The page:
Within a year Mike knew that this had to stop and with the help of Marilyn – a woman who befriended him at the Port Moody Starbucks, and Hope for Freedom Society he went to rehab, but within 10 days he was back on the street. He subsequently contracted pneumonia and with Marilyn’s help once again, he decided to go to reconnect with his wife who is now living in Kamloops and to see if a different environment would provide him with what he needed to live life drug free. It worked for three months. He got a job and made a go of it until he relapsed except this time he had introduced his wife to drugs too. The drugs had significant impact on his wife and her health rapidly deteriorated so he sent her to her parents in Alberta and he came back to Port Moody – or to what Mike calls ‘Hell’. He managed to reconnect with Marilyn once more and ever so slowly he regained some dignity. He started to feel like he had a life worth saving and tried to reconnect with his wife one last time up in Salmon Arm. Within two weeks he had a job at Safeway and soon afterward he was back into a normal routine as a taxpayer and a
golfer! Mike says he put down the crack pipe and picked up his golf clubs!

Mike recently moved back to the Tri-Cities. He is renting an apartment with his wife in Coquitlam. He has returned to work as a longshoreman and he struggles every day to stay clean. He knows that if there hadn’t been several hands for him to grasp on to – he wouldn’t be alive today and making a ‘go’ at having a life with a roof over his head.


The following stories have been written by two of the outreach workers, Darren Charuk and Laura Binette, of the Hope For Freedom Society based upon their experiences with homeless persons in the Tri-Cities.

Beauty Without the Beast

by Darren Charuk

Here’s a story of a young attractive blonde girl who at the age of 23 has experienced more than most her age. Our first contact with this young lady was when her mother called us desperate for help. You see, the girl had relapsed and was now in the company of a very violent man. A day after the man physically assaulted her and left cuts and bruises on her we met for an assessment of how we could help. The beast in this lady’s life was not only the abusive boyfriend but another called HEROIN. We decided { my partner and I } that until she made a decision to clean up all we were prepared to do was find a shelter for her and encourage her to get well. On Aug.7th we received a call from this lady and she told us that she could get into detox tomorrow. Totally excited, we picked her up at 7:00 a.m. the next day and drove her to Maple Cottage detox in Burnaby. A week later there was life back in her eyes a bounce in her step and hope for the future. Today, this girl is in a healthy relationship, off drugs and working.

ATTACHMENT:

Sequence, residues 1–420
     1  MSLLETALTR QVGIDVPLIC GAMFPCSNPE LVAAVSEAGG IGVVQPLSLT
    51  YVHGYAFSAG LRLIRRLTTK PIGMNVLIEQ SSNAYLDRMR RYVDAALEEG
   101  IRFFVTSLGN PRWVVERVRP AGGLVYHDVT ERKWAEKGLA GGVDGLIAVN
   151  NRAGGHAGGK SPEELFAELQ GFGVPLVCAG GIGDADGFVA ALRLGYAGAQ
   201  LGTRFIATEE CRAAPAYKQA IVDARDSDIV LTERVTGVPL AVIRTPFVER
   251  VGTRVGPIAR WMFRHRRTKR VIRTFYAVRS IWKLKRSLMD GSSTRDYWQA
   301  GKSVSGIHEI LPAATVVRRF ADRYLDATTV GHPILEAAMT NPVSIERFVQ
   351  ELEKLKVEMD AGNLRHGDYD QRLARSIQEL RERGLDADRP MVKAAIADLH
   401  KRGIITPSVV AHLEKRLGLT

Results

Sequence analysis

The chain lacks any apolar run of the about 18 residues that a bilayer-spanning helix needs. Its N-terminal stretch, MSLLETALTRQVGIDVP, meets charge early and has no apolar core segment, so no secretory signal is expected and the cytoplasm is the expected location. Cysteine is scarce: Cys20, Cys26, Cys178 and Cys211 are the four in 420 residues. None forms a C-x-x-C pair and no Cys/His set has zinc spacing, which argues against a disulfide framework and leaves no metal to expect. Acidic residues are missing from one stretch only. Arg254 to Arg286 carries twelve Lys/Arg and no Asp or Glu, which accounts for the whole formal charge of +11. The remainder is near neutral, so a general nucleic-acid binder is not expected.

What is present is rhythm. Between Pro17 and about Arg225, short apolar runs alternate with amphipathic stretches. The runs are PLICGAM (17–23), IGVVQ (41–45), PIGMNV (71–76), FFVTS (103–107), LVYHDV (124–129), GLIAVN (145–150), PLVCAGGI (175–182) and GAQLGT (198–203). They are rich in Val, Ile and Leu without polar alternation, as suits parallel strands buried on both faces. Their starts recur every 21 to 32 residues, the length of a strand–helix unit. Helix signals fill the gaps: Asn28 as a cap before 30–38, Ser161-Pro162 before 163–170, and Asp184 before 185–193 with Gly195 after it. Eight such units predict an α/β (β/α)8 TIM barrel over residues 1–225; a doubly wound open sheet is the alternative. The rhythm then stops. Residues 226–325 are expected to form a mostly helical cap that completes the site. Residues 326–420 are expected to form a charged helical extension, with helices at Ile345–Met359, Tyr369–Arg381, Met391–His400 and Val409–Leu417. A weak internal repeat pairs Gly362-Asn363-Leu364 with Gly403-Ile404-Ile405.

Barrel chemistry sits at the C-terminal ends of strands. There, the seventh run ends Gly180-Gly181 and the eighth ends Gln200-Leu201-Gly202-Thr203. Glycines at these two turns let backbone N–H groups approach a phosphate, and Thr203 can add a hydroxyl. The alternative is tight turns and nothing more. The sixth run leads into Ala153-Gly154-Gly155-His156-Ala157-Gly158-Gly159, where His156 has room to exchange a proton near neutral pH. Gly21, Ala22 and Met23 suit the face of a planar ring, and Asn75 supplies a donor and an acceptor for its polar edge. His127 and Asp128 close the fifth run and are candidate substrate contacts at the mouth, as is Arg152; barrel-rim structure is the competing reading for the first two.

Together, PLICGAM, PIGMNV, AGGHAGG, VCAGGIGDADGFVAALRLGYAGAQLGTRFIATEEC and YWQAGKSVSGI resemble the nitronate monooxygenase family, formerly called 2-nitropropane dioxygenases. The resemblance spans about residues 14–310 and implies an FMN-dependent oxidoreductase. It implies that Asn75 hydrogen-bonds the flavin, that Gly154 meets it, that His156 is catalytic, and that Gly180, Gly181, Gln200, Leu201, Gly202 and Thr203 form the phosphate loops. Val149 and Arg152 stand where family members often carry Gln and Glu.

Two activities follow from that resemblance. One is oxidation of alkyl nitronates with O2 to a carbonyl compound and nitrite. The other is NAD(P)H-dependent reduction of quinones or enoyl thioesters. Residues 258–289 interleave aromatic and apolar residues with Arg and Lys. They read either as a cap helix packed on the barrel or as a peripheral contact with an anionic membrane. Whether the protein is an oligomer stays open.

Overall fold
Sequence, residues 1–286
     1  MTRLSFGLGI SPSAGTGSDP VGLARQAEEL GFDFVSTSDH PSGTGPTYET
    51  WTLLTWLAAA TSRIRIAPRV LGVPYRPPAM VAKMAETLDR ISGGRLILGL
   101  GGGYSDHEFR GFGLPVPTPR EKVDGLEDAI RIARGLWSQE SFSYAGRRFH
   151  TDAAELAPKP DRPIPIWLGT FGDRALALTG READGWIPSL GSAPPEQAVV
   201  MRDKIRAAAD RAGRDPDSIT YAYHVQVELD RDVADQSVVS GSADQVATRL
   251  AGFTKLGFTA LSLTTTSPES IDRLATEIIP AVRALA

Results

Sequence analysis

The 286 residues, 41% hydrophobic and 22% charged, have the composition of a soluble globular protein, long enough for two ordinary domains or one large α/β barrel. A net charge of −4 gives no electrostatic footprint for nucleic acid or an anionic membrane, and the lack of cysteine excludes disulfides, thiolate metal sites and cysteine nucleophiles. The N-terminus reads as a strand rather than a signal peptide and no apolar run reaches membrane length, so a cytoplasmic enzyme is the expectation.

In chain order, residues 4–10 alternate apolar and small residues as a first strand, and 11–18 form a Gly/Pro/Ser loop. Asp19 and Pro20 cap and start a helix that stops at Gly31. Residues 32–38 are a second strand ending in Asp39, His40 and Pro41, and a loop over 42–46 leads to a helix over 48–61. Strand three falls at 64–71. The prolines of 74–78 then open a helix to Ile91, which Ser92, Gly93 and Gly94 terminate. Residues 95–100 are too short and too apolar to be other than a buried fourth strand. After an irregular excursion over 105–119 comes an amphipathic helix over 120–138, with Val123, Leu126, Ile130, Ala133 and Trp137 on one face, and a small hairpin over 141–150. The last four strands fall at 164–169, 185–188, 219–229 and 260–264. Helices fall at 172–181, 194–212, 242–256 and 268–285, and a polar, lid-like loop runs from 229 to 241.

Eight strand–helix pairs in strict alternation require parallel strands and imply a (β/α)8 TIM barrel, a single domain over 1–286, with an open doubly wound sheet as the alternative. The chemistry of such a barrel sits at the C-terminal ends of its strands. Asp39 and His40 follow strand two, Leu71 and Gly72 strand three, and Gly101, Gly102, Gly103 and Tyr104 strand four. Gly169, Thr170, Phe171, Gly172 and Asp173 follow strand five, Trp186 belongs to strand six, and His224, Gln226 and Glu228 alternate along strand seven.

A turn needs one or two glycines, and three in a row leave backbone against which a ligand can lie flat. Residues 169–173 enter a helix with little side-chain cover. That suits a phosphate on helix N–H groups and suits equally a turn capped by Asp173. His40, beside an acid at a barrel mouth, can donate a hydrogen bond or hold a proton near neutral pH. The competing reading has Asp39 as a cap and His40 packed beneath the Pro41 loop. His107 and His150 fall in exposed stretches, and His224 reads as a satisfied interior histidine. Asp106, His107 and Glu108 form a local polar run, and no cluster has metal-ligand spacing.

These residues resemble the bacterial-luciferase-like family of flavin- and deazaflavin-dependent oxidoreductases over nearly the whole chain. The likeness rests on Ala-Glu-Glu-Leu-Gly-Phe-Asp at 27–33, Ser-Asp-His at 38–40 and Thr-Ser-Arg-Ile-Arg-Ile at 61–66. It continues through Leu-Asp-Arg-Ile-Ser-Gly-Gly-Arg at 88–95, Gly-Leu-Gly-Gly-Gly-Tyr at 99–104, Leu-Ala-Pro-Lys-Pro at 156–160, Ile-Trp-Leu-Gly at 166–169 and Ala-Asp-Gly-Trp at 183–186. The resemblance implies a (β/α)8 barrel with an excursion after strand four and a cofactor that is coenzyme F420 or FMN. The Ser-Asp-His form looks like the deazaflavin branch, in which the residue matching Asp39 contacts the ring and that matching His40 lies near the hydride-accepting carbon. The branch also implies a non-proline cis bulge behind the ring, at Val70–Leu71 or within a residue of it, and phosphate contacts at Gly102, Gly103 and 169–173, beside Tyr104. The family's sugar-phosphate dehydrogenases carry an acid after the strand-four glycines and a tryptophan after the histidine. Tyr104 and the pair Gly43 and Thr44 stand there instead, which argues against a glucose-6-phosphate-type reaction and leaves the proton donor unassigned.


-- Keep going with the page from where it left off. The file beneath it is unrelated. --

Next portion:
What Will It Take?

by Darren Charuk

There are many times that I ask myself this question, but with this one particular client I’m afraid only God has the answer. Since May of this year we have been working with this woman and just when we think were making progress she runs. This lady is around 40 years of age and has a daughter of 10. She has been homeless now for over two years and to see her you would never guess it. She has lived in abandoned sheds, tent cities and even alone in the bush. During the past five months we have gotten her into a recovery house (which she left), on social assistance so that she could have medical and a few dollars for food and personal care. We also had a bed reserved at a shelter that would have provided a program for helping her get well but every attempt made she either ran or told us she’s not ready. Her mother died suddenly in August and since then she seems to be lost in a different world. We still see her weekly at the food bank as well as God Rock, but mostly we see her biking around town on her old 10 speed that has no brakes, a basket out front that is decorated with flowers and a sadness written on her face.

What will it take?
What I do know is we will not give up.

Till Death Do Us Part

by Darren Charuk

Marriage, a sacred union that has been watered down over the years so that when hard times come (and they do) it has been made far to easy to get a divorce. The couple that I’m going to tell you about has been married for over 32 years and for the last 2 they have been homeless. Imagine if you can, having a business, home, cars one day and before you know it you’re living in a tent under a tarp. First contact with these folks was early in the project when another one of our teams laid the groundwork in what was to become a huge success. Day after day, night after night they would go and pick up cans and bottles to make enough to just survive. Regardless of the weather, regardless of their health they had to go to “work“. Throughout all this they stayed together and never gave up. After we got them on assistance the process of restoration was in motion. Currently, teeth are being made for the woman and they have just been approved to rent a one bedroom apartment in Port Moody and we are hoping to move them in on Oct 3rd. They both want to return to the workforce and once they move in we will help them with furniture that we get donated to us.